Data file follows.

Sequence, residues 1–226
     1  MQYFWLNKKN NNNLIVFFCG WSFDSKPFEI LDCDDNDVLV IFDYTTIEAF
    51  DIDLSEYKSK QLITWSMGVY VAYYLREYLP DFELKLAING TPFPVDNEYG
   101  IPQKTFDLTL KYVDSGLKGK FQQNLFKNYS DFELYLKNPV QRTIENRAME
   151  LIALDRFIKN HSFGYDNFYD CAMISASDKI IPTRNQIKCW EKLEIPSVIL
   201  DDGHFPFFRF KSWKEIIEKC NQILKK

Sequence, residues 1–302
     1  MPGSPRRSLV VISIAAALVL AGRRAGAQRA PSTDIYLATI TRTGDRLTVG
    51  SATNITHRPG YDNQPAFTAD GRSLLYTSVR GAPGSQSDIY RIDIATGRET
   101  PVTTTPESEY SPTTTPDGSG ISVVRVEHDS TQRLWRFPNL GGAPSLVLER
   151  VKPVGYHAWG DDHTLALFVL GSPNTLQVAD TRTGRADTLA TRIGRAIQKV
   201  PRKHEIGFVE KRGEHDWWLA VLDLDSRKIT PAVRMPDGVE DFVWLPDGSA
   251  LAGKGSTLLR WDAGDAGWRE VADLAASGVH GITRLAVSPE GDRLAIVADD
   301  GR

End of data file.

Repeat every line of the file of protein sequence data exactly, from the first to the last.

Sequence, residues 1–226
     1  MQYFWLNKKN NNNLIVFFCG WSFDSKPFEI LDCDDNDVLV IFDYTTIEAF
    51  DIDLSEYKSK QLITWSMGVY VAYYLREYLP DFELKLAING TPFPVDNEYG
   101  IPQKTFDLTL KYVDSGLKGK FQQNLFKNYS DFELYLKNPV QRTIENRAME
   151  LIALDRFIKN HSFGYDNFYD CAMISASDKI IPTRNQIKCW EKLEIPSVIL
   201  DDGHFPFFRF KSWKEIIEKC NQILKK

Sequence, residues 1–302
     1  MPGSPRRSLV VISIAAALVL AGRRAGAQRA PSTDIYLATI TRTGDRLTVG
    51  SATNITHRPG YDNQPAFTAD GRSLLYTSVR GAPGSQSDIY RIDIATGRET
   101  PVTTTPESEY SPTTTPDGSG ISVVRVEHDS TQRLWRFPNL GGAPSLVLER
   151  VKPVGYHAWG DDHTLALFVL GSPNTLQVAD TRTGRADTLA TRIGRAIQKV
   201  PRKHEIGFVE KRGEHDWWLA VLDLDSRKIT PAVRMPDGVE DFVWLPDGSA
   251  LAGKGSTLLR WDAGDAGWRE VADLAASGVH GITRLAVSPE GDRLAIVADD
   301  GR